Early Bird Gets To Honk As Scientist Make New Discovery

early bird fossil

Scientists determined that the early bird gets to mostly probably honk according to study results.

Following a paper released this week, scientists determined that the early bird gets to mostly probably honk according to results gathered from ancient voice box analysis.

The study was carried out by a team of University of Texas researchers that analyzed the oldest as yet found syrinx fossil dating from sometime in the Mesozoic era.

The syrinx, or a bird’s vocal box, is a system of stiff, cartilage rings that are surrounded by soft tissues that vibrate. The vibrations thus produced are the songs and sounds so appreciated in modern-day birds.

But the ancient syrinx’s study ended on a very different note after scientist studied the asymmetrical shape of the early bird and determined that the extinct species would most likely have honked, not unfamiliar from geese or ducks, but a far cry from today’s thrills.

The study determined that the bird most probably produced the honking-like noises through the asymmetrical syrinx’s left and right parts, as it had two sound sources.

The bird ancestor to provide these unexpected findings is an Antarctic waterfowl, of Vegavis iaai, which was found back in 1992 on Vega Island, Antarctica. Although the fossilized remains had been studied, the presence of its voice box, the oldest ever found, was noticed only in 2013.

Its discoverer was Julia Clarke, an Austin Jackson School of Geosciences paleontologist, that together with her team has been analyzing and mapping the find for the better part of two years.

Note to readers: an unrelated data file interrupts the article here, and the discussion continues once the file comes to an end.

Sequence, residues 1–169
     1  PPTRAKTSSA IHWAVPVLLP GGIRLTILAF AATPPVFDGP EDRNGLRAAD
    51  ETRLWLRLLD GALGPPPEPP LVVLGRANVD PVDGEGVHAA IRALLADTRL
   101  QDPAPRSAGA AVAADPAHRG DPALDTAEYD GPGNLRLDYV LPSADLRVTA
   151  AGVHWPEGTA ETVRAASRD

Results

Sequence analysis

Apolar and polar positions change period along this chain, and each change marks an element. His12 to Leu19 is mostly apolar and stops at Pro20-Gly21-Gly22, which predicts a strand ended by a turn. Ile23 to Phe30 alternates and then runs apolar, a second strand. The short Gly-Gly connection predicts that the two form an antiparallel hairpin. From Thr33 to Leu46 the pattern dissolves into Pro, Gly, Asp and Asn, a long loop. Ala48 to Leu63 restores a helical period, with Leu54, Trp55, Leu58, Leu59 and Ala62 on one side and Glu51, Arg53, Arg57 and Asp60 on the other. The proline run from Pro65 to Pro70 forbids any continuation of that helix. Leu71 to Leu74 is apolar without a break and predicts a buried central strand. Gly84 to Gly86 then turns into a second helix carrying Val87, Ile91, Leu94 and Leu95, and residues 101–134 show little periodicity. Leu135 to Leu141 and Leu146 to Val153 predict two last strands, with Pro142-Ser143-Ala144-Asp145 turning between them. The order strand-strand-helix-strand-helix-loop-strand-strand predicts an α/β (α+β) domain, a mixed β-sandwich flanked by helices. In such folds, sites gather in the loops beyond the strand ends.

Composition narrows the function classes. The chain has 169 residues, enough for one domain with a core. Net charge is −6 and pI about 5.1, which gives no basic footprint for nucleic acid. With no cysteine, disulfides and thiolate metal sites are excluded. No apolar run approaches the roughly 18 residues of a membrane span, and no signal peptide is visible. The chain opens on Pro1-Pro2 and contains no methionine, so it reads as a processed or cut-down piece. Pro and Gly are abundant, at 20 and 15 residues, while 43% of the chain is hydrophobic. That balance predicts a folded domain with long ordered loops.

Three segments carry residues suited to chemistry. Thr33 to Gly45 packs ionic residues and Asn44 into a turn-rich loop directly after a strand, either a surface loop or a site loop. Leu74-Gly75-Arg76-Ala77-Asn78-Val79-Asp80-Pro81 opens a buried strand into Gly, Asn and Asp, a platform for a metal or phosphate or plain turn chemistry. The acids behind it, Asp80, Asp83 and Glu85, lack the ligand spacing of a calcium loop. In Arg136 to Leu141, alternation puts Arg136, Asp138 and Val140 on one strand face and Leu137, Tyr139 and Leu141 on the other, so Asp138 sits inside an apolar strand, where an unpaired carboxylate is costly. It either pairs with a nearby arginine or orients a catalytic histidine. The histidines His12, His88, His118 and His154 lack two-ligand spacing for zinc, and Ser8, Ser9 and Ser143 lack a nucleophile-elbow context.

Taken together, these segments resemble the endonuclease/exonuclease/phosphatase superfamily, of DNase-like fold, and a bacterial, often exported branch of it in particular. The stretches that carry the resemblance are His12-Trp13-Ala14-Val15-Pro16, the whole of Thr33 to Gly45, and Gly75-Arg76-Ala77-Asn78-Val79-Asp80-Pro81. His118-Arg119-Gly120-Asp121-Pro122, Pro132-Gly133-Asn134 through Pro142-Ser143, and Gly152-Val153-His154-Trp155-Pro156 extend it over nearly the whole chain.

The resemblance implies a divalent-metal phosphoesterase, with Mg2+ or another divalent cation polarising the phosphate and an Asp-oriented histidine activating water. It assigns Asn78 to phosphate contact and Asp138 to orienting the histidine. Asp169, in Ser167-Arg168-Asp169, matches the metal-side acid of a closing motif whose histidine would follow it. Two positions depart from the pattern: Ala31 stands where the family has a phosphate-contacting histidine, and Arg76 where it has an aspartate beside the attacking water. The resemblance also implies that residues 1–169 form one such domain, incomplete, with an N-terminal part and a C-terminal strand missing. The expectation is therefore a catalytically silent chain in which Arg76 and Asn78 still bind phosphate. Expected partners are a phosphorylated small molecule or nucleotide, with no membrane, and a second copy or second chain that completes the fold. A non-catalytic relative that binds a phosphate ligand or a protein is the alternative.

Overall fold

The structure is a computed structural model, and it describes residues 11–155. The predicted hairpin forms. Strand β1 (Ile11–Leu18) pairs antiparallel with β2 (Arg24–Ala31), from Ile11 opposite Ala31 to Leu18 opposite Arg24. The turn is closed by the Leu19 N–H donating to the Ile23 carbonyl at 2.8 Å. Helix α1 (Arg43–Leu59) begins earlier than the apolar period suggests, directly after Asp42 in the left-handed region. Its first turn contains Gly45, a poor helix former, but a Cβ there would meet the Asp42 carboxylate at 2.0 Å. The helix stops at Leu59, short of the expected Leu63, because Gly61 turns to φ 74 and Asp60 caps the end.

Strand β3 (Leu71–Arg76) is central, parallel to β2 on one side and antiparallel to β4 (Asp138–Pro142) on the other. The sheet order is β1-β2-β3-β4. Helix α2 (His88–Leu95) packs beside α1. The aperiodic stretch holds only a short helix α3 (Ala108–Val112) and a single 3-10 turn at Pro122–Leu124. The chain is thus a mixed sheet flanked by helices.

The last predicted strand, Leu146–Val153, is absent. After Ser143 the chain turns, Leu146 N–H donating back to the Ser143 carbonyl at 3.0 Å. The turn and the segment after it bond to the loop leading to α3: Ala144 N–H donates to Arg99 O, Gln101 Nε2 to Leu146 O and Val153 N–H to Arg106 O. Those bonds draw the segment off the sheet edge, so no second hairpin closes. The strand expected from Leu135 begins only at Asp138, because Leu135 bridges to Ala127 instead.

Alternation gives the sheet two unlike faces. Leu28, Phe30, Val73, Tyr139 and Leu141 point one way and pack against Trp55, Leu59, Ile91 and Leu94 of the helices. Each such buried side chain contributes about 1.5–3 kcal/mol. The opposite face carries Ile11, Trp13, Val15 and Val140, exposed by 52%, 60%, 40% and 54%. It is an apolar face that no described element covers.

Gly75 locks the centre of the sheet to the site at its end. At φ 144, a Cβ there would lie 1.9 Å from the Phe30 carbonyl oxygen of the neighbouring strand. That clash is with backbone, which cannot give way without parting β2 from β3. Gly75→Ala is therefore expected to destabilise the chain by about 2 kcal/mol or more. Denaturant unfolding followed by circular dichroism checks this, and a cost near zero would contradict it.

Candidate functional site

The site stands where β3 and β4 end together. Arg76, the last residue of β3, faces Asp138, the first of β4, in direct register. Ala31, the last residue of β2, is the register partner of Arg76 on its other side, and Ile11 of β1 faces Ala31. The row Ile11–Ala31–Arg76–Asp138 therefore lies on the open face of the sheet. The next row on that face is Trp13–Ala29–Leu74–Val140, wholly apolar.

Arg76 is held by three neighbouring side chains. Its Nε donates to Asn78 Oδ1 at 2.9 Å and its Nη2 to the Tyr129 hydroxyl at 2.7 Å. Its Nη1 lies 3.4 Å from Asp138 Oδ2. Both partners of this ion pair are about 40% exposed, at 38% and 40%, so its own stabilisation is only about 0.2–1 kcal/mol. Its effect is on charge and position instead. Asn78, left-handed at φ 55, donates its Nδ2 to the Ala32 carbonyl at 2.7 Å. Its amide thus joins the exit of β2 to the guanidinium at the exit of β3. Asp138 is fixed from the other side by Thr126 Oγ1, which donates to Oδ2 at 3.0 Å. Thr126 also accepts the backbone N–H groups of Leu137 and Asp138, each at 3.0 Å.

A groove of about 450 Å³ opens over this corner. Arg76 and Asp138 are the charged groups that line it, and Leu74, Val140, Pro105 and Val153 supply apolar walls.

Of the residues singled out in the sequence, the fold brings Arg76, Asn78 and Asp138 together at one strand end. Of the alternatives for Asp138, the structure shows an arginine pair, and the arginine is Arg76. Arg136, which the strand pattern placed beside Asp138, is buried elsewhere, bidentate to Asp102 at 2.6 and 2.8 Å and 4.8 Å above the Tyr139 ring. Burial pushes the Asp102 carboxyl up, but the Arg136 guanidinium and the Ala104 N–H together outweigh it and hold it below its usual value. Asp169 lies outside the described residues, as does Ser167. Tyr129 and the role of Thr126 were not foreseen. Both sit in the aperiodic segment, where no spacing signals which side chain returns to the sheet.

Voice boxes are hard to conserve as cartilage doesn’t have the same degree of fossilization as, for example, bones even if the high mineral content contained by the rings could sometimes permit it. The absence of such boxes in other non-avian fossils could provide researchers with an important clue as to how these animals evolved.

By analyzing the existing fossilized remains, new data about the extinct animal’s sound features can be gathered and then compared to the modern bird knowledge, so that a timeline of their evolution can start to be sketched.

Clarke also noted that an in-depth analysis of the bird’s syrinx and vocal behavior could also help explain other of the bird’s anatomical features, for example, their brains’ increase, as it was determined that the flyers developed bigger brains throughout their evolution.

Scientists are also working with a team of engineers so that models of the sound organs can be produced, models that will once again give a voice, as unusual as it may be, to the Mesozoic bird.

Image Source: Wikimedia

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